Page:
2020 was a major year of change that no one saw coming; it produced enough challenges physically, socially, economically, and educationally to accurately be titled as a notable period of immense hardship and infamy. As the world-altering COVID-19 pandemic surged across the globe, jobs, businesses, schools, and entire countries were required to shut down in order to dissect and tame the foreign silent, yet lethal enemy. Now, with three vaccines nationally accessible to people aged 16 and older, and soon, younger children, COVID restrictions are loosening and the economy is steadily reopening.
Specifically, as a college student, switching from an in-person to an all-virtual environment was not an easy transition. Despite staying home, the process of unlearning takes place, causing students to feel a strong sense of bewilderment. Teaching methods are revised, more distractions are in arms-reach, information is harder to retain, and you just get comfortable. Maybe a little too comfortable. It can almost feel as if you are on a prolonged vacation, struggling to get into “school mode.” But as we slowly ease back into a degree of normalcy, school is beginning to reopen in its entirety and another transition is bound to happen. Here is a guide to help you ease back into on-campus life:
1. Remember you are not alone.
Across the globe, there are millions of other college students who are questioning themselves about the possibilities of returning back to the classroom. Will I be able to keep up with the material? Will I be able to focus properly? Will this be more stressful? All of those questions are realistic and valid and remembering you are not the only individual experiencing those intrusive thoughts may put them at ease a little more. Physically connecting with your friends again or forming a support group can be an effective reminder that there are others who may relate to your feverish emotions as well as others who missed your presence.
2. Meet up with your professors/advisor(s) ahead of time.
Emailing and scheduling a time to meet with your academic advisor or professors to express your feelings of uncertainty and discuss the upcoming semester’s curriculum is a great way to ease some anxieties about returning to campus. Some topics can include talking about being/staying home, some of the struggles you have faced with online learning, new methods/approaches to readapt, the new hobbies you learned while in quarantine, etc. Whether you have already taken a class with the professor or they happen to be a new teacher, starting to build a relationship and connect with them outside of the classroom can provide a sense of assurance and might even grant you a head start on what to anticipate for the school year. With your academic advisor, make sure to figure out a game plan on how to approach the course according to the professor’s syllabus and expectations.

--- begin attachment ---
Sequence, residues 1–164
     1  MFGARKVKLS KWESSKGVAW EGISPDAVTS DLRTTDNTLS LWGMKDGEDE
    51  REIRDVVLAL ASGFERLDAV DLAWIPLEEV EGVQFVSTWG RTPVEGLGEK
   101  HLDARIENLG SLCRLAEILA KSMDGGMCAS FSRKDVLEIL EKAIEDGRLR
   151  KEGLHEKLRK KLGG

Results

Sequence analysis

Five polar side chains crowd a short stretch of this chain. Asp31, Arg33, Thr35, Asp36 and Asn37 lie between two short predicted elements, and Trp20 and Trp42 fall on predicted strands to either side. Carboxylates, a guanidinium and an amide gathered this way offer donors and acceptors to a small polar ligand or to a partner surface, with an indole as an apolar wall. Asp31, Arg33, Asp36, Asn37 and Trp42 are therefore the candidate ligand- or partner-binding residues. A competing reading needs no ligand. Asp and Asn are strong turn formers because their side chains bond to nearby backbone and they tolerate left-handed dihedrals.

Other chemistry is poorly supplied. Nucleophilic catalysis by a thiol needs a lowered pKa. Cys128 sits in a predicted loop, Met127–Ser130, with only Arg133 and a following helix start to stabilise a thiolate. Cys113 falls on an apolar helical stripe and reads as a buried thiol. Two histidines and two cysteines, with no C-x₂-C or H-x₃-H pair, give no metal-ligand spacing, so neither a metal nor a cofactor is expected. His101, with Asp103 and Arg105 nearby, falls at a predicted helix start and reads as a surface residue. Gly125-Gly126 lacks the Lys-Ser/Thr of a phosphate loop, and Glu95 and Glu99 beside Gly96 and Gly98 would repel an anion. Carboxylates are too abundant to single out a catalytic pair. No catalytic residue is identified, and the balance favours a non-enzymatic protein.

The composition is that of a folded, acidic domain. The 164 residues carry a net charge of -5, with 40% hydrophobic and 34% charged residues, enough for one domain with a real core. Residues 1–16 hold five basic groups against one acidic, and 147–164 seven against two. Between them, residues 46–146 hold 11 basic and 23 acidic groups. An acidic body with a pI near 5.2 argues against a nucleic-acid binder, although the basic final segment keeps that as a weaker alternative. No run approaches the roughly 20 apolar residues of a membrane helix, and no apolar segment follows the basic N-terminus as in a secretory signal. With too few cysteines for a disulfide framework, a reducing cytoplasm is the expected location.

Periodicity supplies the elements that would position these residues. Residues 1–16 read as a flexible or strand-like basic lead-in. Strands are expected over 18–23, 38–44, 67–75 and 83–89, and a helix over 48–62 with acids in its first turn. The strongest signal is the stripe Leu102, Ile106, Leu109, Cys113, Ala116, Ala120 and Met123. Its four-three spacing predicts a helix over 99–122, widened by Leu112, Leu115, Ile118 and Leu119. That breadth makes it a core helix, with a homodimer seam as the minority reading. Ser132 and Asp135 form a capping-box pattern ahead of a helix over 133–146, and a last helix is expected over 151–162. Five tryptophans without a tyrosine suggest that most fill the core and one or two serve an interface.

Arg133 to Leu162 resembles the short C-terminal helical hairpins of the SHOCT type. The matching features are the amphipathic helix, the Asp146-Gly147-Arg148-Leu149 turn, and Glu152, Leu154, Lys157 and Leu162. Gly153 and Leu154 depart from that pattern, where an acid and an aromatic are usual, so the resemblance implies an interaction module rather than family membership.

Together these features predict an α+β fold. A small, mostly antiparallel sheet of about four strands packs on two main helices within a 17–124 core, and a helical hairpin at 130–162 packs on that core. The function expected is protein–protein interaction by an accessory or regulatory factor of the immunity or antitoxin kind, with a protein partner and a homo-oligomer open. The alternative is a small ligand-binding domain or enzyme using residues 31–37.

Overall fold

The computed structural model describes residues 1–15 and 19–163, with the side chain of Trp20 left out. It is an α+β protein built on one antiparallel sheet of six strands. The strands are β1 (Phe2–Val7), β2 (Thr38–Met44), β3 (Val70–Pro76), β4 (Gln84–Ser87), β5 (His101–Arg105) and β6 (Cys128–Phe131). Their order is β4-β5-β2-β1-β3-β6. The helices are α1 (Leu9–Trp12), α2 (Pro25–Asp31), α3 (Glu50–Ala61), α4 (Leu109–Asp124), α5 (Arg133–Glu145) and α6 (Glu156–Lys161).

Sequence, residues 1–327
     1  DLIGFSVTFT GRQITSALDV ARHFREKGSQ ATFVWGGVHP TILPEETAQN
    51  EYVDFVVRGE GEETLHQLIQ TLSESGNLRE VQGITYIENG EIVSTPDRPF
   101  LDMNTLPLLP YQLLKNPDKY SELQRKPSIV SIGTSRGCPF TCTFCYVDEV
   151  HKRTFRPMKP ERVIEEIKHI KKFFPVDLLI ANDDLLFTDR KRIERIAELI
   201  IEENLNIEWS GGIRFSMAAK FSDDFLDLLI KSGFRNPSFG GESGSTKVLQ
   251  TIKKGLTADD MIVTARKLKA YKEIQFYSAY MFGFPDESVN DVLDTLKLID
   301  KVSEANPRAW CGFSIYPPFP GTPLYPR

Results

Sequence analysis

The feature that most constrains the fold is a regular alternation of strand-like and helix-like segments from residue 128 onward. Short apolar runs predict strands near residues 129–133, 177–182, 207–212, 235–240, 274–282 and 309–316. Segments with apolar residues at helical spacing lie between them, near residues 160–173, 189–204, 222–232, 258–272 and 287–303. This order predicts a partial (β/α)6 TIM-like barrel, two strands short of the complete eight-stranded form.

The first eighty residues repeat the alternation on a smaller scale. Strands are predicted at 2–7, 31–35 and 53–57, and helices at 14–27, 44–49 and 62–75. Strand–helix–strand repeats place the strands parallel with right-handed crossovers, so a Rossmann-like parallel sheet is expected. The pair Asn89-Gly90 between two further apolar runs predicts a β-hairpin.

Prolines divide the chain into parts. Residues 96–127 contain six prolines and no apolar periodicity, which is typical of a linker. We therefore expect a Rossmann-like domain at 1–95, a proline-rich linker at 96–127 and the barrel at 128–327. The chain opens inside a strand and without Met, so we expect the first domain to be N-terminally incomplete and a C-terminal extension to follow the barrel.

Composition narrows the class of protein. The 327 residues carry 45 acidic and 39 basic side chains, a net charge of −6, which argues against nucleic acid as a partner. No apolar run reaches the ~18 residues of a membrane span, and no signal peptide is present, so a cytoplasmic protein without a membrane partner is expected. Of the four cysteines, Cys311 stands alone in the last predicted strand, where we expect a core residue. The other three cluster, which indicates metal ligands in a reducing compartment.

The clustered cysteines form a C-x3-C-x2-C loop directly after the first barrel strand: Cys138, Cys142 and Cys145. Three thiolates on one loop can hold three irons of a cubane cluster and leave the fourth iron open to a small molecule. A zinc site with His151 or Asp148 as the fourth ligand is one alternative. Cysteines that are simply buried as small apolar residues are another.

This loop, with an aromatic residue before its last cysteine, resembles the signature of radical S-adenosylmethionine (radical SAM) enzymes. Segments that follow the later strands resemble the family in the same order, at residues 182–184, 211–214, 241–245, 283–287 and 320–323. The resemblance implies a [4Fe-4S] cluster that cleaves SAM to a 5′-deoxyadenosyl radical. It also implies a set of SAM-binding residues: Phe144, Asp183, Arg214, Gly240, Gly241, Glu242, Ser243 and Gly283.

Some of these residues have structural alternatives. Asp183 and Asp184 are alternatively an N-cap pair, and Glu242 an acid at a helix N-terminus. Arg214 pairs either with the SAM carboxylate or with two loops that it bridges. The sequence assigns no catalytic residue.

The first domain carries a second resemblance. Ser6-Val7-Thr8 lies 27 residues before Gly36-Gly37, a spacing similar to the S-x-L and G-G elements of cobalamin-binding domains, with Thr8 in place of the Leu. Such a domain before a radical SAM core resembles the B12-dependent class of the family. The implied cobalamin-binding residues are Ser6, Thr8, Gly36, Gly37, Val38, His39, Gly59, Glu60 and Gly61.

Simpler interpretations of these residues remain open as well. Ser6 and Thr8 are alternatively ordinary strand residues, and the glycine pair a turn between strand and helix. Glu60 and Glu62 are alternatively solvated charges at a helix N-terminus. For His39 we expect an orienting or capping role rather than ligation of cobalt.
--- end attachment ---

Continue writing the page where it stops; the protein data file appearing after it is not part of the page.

3. Talk with your school’s counselor.
Carve out a time to chat with your school’s counselor as a de-stressor. After all, your counselor will already likely be aware of the uneasiness students are facing after transitioning from the comfort of their homes back to a university setting. Use the hourly conversation as a tool to release your bombarding intrusive thoughts and write down key notes if anything specifically stands out to you. Writing down any advice given to you in a journal to navigate a changing environment can be used as a physical reminder to just remember to breathe. Use the notes as mantras and repeat them in the mirror when needed to refocus your thoughts on something positive. Schedule a weekly meeting if necessary!
4. Hang out with your friends.
Have a small get-together. Attend social events and club gatherings. Grab some lunch. Host a group study session. Go to the game room. Either way, your friends miss you! Reconnecting, catching up, and hanging out with them is an easy (and faster) way to readjust to campus life again. What is college without your college friends?
5. Scope out the 411.
What’s new on campus? What’s changed? What has stayed the same? Have you? Are there any new clubs or organizations that interest you that you may want to join? Did they finally add that new Chick-fil-A that they promised last year in the café while you were away? Nevertheless, the unexpected quarantine period might have caused you to emerge from the time period as another person, or in some cases, stay the same. Do not be afraid to explore new ventures or learn to become more involved in former associations. Regardless, challenge yourself to try something that scares you.
By Fallon Brannon. From Uloop.com, Online Marketplace for College Life.